[Note: I posted this earlier, but when I read it over again a few days later, I decided it was a terrible post and didn’t at all say what I meant it to say. This is a revised version that’s a little more on target–my apologies to whoever read the first one!]
I was married at age 22, and marrying my wife was the best decision of my life. I haven’t once regretted it, and I don’t anticipate that I ever will regret marrying my wife. This is in contrast to what people seem to expect when they say things like, “Congratulations, but you look like you’re about 15.” (And yes, that was a comment someone actually made to us–on our honeymoon of all places.)
I imagine that’s the type of person who wrote this New York Times article. It’s a very long article, and rather poorly argued, so don’t read it unless you’re bored. The argument was this: In our current society, people aged 20 to 30 are going through an identity crisis, and they just can’t make up their minds about what they want to do. “Kids” these days are living at home longer, changing jobs madly, getting more education because they can’t find anything else to do, getting married later, etc. Because of this, goes the argument, we should consider 20-something-ness to be a sort of second adolescence, and we should find ways as a society to make it possible for them to travel, explore jobs, stay a little under their parent’s wing, etc. That might be the sentiment people have when they remark that I got married young–my brain just wasn’t well developed enough to make those sorts of decisions!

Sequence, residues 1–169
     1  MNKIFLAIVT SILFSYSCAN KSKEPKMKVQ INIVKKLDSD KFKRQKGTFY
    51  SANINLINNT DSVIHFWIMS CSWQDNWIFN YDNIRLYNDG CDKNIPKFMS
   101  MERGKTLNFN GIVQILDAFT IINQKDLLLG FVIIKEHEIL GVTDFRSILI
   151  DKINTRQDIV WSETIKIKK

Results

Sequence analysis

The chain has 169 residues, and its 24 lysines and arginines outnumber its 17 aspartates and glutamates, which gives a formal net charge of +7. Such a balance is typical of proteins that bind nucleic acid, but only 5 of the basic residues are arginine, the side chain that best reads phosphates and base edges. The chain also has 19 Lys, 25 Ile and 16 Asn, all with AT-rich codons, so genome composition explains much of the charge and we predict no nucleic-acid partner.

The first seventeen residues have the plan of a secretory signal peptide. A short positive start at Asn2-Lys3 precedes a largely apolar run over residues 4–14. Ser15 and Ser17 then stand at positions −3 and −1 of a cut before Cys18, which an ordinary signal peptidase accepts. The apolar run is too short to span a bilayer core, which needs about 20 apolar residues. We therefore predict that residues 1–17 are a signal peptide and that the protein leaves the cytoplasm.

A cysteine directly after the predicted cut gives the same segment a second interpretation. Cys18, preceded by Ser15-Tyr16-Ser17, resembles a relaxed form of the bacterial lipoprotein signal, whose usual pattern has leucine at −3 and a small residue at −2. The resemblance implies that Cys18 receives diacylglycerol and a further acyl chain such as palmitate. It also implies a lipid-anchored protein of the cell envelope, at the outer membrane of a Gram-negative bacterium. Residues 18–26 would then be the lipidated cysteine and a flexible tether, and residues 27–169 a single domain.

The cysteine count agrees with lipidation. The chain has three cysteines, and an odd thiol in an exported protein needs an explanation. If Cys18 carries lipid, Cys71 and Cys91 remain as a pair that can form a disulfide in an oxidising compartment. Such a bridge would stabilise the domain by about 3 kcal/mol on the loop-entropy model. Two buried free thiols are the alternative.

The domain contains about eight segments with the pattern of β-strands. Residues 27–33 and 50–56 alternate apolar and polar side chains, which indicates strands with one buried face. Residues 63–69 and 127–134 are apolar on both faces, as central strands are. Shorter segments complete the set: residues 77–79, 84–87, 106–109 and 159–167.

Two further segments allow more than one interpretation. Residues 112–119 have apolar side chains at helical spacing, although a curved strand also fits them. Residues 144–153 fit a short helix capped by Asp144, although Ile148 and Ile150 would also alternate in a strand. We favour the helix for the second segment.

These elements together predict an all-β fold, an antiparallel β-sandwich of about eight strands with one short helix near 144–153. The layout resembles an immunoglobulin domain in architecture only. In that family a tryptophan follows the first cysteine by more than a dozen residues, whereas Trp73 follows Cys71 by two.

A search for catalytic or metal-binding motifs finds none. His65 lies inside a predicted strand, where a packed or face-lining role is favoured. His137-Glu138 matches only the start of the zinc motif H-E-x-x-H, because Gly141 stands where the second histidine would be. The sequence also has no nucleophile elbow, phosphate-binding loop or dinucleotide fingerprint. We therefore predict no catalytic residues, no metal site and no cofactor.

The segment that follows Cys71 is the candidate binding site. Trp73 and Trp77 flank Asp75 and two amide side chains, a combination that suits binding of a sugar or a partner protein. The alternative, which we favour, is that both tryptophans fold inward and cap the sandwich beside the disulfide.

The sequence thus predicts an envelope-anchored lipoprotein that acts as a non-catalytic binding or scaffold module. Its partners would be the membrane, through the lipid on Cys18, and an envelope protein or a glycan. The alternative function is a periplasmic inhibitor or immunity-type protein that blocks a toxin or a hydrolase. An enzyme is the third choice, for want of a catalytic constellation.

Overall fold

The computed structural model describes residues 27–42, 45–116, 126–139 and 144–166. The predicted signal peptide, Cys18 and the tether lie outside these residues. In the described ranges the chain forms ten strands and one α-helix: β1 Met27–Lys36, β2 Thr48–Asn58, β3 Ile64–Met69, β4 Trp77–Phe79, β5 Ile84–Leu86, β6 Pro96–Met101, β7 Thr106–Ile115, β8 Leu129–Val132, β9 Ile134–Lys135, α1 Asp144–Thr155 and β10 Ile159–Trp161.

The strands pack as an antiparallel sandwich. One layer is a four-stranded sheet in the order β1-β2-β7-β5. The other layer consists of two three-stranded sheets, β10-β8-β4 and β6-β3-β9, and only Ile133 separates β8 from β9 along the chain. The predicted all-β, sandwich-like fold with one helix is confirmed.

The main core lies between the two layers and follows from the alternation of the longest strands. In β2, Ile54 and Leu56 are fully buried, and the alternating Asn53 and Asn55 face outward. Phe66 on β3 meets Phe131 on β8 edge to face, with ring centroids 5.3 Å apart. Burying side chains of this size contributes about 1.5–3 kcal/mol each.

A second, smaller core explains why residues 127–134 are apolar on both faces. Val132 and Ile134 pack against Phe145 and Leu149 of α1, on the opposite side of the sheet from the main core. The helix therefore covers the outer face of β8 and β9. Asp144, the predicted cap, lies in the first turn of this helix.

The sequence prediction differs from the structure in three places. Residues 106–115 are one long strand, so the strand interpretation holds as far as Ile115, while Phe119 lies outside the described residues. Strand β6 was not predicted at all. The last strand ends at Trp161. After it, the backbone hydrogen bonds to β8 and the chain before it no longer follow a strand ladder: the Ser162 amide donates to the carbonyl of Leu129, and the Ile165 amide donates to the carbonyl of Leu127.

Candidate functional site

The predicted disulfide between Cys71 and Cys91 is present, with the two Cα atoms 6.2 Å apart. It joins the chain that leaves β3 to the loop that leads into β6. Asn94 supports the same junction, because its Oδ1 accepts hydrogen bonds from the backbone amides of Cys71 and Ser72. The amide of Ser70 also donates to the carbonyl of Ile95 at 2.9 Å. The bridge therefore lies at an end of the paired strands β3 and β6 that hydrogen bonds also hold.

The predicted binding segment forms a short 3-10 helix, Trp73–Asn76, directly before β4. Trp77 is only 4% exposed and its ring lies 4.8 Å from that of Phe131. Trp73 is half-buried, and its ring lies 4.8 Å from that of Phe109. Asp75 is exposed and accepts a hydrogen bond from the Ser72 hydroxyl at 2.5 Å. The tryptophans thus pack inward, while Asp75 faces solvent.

Now, I think finding ways to further prolong adolescence is a terrible idea. My generation is getting married later, and we’re getting more educated and living at home longer and whatever else. However, this isn’t because we need more time to grow up or develop further. Most of my friends who are living at home don’t want to live at home–they just can’t find a job. And all of my friends who can’t find a job desperately wish they could find a job. Before I started medical school, I worked in the food industry, which isn’t a bad job, but it’s a bad job when you have a college degree. Young adults who move from job to job aren’t doing so by choice; it’s just a little hard to make ends meet.
As for getting married older? Well, most of us are responsible people, and we wouldn’t get married until we can support ourselves, until we’re satisfied enough with our future to be able to plan ahead a bit, and until we’ve met the person we want to spend our life with. (As an aside, I know plenty of people who were married younger than I was, and 22 doesn’t seem young to me at all.) This is something everybody wants to do eventually, but we can’t get married if none of us have jobs. If anything, society needs to make the transition to adulthood easier and quicker, rather than drawing it out longer–the article was just terrible. I sincerely hope you didn’t read it.
For me, marriage has been a way to become more mature and to understand another person in a profound way. Marriage has made me a wiser person, and it continues to make me a wiser person. Things have gone the same way in other parts of my life also–getting a job, paying bills, making a budget work, etc. It’s not that I needed to grow up before I got a job–it’s that I needed to get a job in order to grow up.
I got married because I met the woman I love more than anyone else in the world. I went into it knowing that there would be hard times, and that everything wouldn’t be rosy and happy like it was when we were dating. Armed with the knowledge that arguments, money problems, and even worse things will come, my wife and I are doing just fine. But I certainly have learned a lot. In fact, I think I wouldn’t have learned these lessons unless I got married, meaning that if I waited until I was 35, I would still need to learn the same lessons without being any wiser to begin with.